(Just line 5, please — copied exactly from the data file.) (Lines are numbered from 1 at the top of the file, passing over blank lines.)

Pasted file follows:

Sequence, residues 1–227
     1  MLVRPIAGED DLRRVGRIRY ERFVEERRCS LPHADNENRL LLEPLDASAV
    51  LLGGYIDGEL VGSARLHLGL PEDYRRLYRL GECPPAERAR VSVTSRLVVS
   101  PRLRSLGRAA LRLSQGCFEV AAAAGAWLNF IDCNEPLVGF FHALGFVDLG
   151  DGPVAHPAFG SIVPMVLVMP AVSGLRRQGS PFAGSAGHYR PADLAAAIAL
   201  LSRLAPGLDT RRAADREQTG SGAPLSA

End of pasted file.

   151  DGPVAHPAFG SIVPMVLVMP AVSGLRRQGS PFAGSAGHYR PADLAAAIAL